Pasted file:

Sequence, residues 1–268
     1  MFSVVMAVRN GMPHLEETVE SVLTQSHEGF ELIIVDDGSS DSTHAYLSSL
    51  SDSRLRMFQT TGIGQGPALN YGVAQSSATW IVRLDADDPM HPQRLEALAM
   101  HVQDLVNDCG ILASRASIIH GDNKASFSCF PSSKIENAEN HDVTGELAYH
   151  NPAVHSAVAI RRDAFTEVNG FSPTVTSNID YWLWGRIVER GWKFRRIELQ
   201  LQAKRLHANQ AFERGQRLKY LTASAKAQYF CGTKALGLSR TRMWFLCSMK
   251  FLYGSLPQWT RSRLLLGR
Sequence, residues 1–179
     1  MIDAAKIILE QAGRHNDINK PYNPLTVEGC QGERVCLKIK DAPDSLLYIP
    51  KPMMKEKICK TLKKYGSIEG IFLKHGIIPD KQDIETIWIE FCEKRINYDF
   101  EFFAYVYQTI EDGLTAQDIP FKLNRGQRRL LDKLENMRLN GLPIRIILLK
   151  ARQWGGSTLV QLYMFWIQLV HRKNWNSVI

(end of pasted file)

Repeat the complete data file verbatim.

Sequence, residues 1–268
     1  MFSVVMAVRN GMPHLEETVE SVLTQSHEGF ELIIVDDGSS DSTHAYLSSL
    51  SDSRLRMFQT TGIGQGPALN YGVAQSSATW IVRLDADDPM HPQRLEALAM
   101  HVQDLVNDCG ILASRASIIH GDNKASFSCF PSSKIENAEN HDVTGELAYH
   151  NPAVHSAVAI RRDAFTEVNG FSPTVTSNID YWLWGRIVER GWKFRRIELQ
   201  LQAKRLHANQ AFERGQRLKY LTASAKAQYF CGTKALGLSR TRMWFLCSMK
   251  FLYGSLPQWT RSRLLLGR
Sequence, residues 1–179
     1  MIDAAKIILE QAGRHNDINK PYNPLTVEGC QGERVCLKIK DAPDSLLYIP
    51  KPMMKEKICK TLKKYGSIEG IFLKHGIIPD KQDIETIWIE FCEKRINYDF
   101  EFFAYVYQTI EDGLTAQDIP FKLNRGQRRL LDKLENMRLN GLPIRIILLK
   151  ARQWGGSTLV QLYMFWIQLV HRKNWNSVI